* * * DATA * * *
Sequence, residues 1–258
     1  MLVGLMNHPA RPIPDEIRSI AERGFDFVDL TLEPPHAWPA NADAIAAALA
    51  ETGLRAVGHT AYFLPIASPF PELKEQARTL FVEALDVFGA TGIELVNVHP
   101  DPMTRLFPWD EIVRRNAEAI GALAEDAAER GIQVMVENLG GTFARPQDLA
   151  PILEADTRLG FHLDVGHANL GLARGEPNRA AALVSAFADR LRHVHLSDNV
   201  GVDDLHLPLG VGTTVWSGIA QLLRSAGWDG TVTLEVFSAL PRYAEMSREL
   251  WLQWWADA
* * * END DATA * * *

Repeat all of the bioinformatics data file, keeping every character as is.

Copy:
Sequence, residues 1–258
     1  MLVGLMNHPA RPIPDEIRSI AERGFDFVDL TLEPPHAWPA NADAIAAALA
    51  ETGLRAVGHT AYFLPIASPF PELKEQARTL FVEALDVFGA TGIELVNVHP
   101  DPMTRLFPWD EIVRRNAEAI GALAEDAAER GIQVMVENLG GTFARPQDLA
   151  PILEADTRLG FHLDVGHANL GLARGEPNRA AALVSAFADR LRHVHLSDNV
   201  GVDDLHLPLG VGTTVWSGIA QLLRSAGWDG TVTLEVFSAL PRYAEMSREL
   251  WLQWWADA